Any angler likes to catch big fish, but how would you like to catch a fish that is bigger than you?

How about a fish where “matching the hatch” means placing a bluefish or other family-meal-size fish at the end of your 12/0 hook. It’s a hook about the size of your fist.

And the leaders? No need to try to fool them with fluorocarbon, we need brute strength — metal cable, 300 pounds strong.

When you are going after the largest predator in the ocean, you need to think big, because these fish can top the scales at 500 pounds and measure up to 10 feet long.

Seeing a 3-pound brook trout sip your fly off the surface has its thrills, but trying to reel in a 500-pound freight train can be a lot fun, too.

“The first time I hooked a shark, I had never felt anything like it,” said Dave Johnson of Pritnear Heaven Charters. Captain Johnson has fished for sharks in Maine since 1993. He also created and directs the Downeast Maine Shark Tournament, which is entering its seventh year. “It’s exciting. It’s unlike any other type of fishing. When you hook up, you start to think: Is this big, or is it enormous?”

The Gulf of Maine is an ecologically diverse and fertile fishing ground, and each summer brings an assorted array of fish off of Maine’s shores. Along with the bluefish, stripers, tuna and other migratory fish that come to the gulf, large sharks make their way up the East Coast, coming to feast in Maine’s waters on mackerel, herring, bluefish and just about anything else with fins.

Blue sharks, shortfin makos, threshers and porbeagle sharks all call Maine their home in the summer. All are voracious feeders, and they all can be found not that far offshore.

“The first time I went out, I hired a captain to run my boat,” said Johnson. Johnson says there are several captains in the area who target sharks, and it’s a good idea to fish with one before heading out on your own.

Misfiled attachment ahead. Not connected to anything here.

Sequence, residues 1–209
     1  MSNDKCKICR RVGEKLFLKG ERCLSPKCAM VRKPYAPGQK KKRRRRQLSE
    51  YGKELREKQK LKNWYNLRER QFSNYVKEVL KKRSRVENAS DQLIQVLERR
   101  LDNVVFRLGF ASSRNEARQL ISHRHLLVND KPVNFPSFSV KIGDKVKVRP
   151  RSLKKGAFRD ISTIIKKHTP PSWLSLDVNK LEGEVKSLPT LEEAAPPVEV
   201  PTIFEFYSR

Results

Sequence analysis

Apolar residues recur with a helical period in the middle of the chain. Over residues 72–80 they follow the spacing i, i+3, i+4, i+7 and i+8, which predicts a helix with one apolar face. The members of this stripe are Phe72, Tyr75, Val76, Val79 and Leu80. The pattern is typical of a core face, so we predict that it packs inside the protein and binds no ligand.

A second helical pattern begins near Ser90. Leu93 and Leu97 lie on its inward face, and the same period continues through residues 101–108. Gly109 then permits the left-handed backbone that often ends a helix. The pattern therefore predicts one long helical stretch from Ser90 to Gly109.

It can shorten the learning curve significantly, and with the equipment that’s needed, getting rigged up properly can be an investment.

Because of the tremendous power of these fish and their rows of sharp teeth, you need to have the right equipment. It can get expensive, but you can get started for a reasonable amount of money, or even convert some of your codfishing equipment.

“Penn 50s are what I use for reels and they cost $500 to $600, but you can get away with a Penn Senator 9/0 reel, which is about $150. You can also purchase a rod and reel outfit for under $300,” said Johnson. Eighty-pound monofilament is the line of choice for either reel.

Once you have your rod set up, you need to make sure you use the right type of terminal tackle. Johnson uses Mustad #7731 hooks, size 12/0. He attaches these to a 285-pound test, single-strand wire leader using a haywire twist. Johnson makes these rigs himself with a haywire twist tool, but you can purchase similar rigs all set up at tackle shops or online.

Johnson uses a relatively short 5-foot leader, since he uses what is called a wind-on cable. This cable is an extension of the leader, 25 feet in length, 275-pound strength, with a 165-pound snap swivel. The advantage of the wind-on cable is that you can reel it through your rod guides (as long as they are roller guides!) right onto the reel, giving you more control of the fish.

This is important when you get ready to release the fish.

Having 25 to 30 feet of leader is important because not only can a shark’s teeth cut a line, but its rough skin can fray a line quickly as well. Once sharks are hooked, they tend to thrash, twist and bite, and your line can rub against the shark’s body. Long leaders and cables ensure you stay connected to the shark.

Where to fish is another area where an experienced captain can help you, but generally, Johnson looks for temperature differences in the surface currents of 3 degrees or more.

He subscribes to a weather service that gives him detailed satellite views of temperatures. If he can’t find the proper temperature difference, he heads for areas that are 400 to 600 feet deep with an uneven bottom.

Once there, he sets up his drift so he will pass over the area, sets out two lines and starts chumming. Line lengths and depths of the baits vary, but he sets one line 50 to 100 feet out at a depth of 50 feet, and another 200 feet out and 100 feet down.

Once a shark is hooked, the fun begins. A fighting belt is a necessity, one with a kidney harness makes an hourlong fight more comfortable.

When the fish is tired, it is brought to the boat (the wind-on cable helps here), and the leader is carefully cut as close as a foot away from the shark’s mouth.

“Never bring a green fish to the boat, and when you handle the leader, always keep the fish’s head and leader ahead of you, so if the fish decides to run, the leader won’t cut you,” says Johnson. “And never wrap the leader around your hand.”

Once the shark is released, the line is re-rigged, and set out again, in hopes of finding the answer to the eternal shark question: Is this one big, or is it enormous?

Mark Latti is the former public information officer for the Maine Department of Inland Fisheries and Wildlife, a Registered Maine Guide and a member of the New England Outdoor Writers Association. He can be reached at:

[email protected]